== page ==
At Back: Geoffrey Saunders. Back row: Tom Allfrey, Paul Norris, Frank Miller, Peter Norfolk, Penny Norfolk, Murriel Hurrell.
Front row: Ruth Norris, Enid Hayward, Pam Saunders, Sheila Blye
A GROUP of volunteers from the Horsham district, who were part of a unique organisation which became the RAF's 'eyes and ears' during World War II, are celebrating the 80th anniversary of its foundation.
The Royal Observer Corps (ROC) was a defence warning organisation which came into existence in 1925, although it originated during the first world war to monitor the movement of Zeppelins.
Pam Saunders, chairman of No 2 Group ROCA, explained that at the outbreak of World War II in 1939 the corps was put on a full-time footing, and observer posts were established at strategic points within a ten mile radius of Horsham, including one near the Brighton Road and one at Dunsfold aerodrome. The posts were manned by civilians who reported in to a central location, where aircraft movements were charted, and it became a vital part of the country's defence force.
Sheila Blye, who served with the corps at the age of 18, from 1944 to 1945, explained that she was a 'plotter', based at the rear of Horsham's Drill Hall in Denne Road, to whom the information was passed.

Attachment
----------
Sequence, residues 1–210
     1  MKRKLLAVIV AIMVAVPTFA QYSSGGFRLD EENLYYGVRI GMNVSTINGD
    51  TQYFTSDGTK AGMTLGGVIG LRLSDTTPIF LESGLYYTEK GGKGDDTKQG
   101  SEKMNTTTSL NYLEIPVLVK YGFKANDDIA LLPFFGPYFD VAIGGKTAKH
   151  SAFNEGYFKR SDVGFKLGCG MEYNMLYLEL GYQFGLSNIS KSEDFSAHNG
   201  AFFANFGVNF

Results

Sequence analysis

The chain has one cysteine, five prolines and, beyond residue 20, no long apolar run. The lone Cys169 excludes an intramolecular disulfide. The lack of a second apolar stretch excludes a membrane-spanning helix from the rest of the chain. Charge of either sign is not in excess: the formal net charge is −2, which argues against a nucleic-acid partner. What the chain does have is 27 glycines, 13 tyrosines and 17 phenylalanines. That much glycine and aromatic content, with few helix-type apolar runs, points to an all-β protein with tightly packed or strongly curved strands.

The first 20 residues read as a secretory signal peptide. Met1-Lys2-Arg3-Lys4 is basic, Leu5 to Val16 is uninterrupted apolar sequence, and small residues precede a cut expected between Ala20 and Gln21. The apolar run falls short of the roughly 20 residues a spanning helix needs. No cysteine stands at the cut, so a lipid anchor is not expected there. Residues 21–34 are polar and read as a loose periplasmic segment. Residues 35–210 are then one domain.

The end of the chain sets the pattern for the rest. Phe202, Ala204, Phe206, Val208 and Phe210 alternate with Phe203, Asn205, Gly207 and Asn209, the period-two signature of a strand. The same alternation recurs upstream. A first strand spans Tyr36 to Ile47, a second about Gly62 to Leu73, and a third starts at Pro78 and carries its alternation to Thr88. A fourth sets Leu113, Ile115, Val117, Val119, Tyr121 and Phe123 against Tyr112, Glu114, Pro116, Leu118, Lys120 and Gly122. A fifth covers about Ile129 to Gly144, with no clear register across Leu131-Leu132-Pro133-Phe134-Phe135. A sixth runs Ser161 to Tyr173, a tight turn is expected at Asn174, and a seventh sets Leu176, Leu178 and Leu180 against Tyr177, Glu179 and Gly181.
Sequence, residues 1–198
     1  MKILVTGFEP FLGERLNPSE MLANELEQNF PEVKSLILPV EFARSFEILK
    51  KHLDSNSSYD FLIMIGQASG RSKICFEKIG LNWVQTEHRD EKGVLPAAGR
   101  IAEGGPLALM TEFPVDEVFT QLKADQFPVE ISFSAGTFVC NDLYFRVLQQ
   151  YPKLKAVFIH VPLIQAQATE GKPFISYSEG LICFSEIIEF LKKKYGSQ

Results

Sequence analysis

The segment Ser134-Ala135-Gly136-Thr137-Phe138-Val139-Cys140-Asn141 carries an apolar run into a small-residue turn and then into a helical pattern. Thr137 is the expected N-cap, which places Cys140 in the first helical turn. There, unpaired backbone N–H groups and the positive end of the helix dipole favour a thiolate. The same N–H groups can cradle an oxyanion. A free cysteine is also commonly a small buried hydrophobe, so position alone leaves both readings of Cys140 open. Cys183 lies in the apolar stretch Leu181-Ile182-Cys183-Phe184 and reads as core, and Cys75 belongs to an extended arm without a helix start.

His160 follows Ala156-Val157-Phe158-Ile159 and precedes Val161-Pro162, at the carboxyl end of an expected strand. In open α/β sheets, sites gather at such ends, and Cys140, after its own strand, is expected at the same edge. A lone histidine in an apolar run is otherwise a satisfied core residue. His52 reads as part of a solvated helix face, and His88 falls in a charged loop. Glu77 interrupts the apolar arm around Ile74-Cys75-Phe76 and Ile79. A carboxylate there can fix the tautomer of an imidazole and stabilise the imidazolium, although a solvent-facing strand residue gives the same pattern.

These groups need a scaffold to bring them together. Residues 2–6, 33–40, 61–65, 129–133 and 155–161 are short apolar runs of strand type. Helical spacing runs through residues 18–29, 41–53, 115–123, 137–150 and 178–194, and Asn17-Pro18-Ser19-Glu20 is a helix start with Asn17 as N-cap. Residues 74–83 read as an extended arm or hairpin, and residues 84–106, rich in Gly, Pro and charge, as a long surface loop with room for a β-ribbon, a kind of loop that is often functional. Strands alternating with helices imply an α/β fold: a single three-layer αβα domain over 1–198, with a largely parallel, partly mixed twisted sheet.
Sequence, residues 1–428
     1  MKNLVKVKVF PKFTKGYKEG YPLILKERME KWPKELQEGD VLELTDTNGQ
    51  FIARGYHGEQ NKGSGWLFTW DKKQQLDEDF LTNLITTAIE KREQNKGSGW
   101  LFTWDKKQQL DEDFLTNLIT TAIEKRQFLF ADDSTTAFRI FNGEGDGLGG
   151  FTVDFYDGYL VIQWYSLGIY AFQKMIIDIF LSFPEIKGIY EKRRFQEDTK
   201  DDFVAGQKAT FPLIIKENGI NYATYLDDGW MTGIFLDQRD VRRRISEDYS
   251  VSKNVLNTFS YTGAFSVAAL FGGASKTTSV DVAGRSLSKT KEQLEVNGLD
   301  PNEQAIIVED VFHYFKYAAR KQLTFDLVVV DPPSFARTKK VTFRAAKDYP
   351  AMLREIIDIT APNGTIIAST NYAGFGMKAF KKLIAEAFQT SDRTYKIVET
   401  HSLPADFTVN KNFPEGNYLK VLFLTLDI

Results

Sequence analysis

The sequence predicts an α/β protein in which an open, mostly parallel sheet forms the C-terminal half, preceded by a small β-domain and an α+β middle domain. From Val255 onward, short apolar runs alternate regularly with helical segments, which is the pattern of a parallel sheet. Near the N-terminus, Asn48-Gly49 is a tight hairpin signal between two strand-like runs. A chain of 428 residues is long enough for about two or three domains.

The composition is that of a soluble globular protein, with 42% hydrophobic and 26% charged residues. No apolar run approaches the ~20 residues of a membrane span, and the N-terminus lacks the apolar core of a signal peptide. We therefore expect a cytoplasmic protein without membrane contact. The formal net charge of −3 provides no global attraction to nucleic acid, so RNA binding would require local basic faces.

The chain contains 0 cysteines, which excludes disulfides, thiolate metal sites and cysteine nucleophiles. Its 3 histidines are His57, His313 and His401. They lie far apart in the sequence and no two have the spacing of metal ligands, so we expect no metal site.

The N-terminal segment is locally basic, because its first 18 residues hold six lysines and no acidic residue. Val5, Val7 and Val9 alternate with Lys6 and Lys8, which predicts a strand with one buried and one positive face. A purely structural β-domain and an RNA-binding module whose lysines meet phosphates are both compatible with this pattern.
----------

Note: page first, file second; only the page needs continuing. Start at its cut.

The information of aircraft locations would be given to her over a set of headphones and she would map their movements on a big table.
Mrs Blye said that the set up looked exactly as it did on the old black and white war films, in a control room with plotters moving models around with big 'pushers'.
She said: "We covered the whole of Sussex and the Isle of Wight. It was a very responsible job and it meant we knew where everything was and where everything was where the aircraft were coming from."
Mrs Blye said that she and her colleagues were kept very busy when, in addition to the ordinary bombers, 'divers', or pilotless aircraft, began being launched by the enemy from the French coast
Mrs Saunders joined in 1961, her husband Geoffrey having volunteered In 1958.
She explained that In 1945 the ROC was stood
down, but was recalled again in 1947 at a time of international uncertainty and during the 60s it undertook nuclear reporting tasks, which continued until 1990.
She said: "A small band of members was retained to assist the armed services, but they were finally stood down in 1995." Many former members of the corps, including trustee Paul Norris and his wife Ruth from Steyning, continue to meet up locally throughout the year.
There is also an annual national reunion in Chester this month, followed by an 80th anniversary celebration in November.
Second from right is Geoffrey Saunders with the 2 Group Standard. Pam Saunders laid a wreath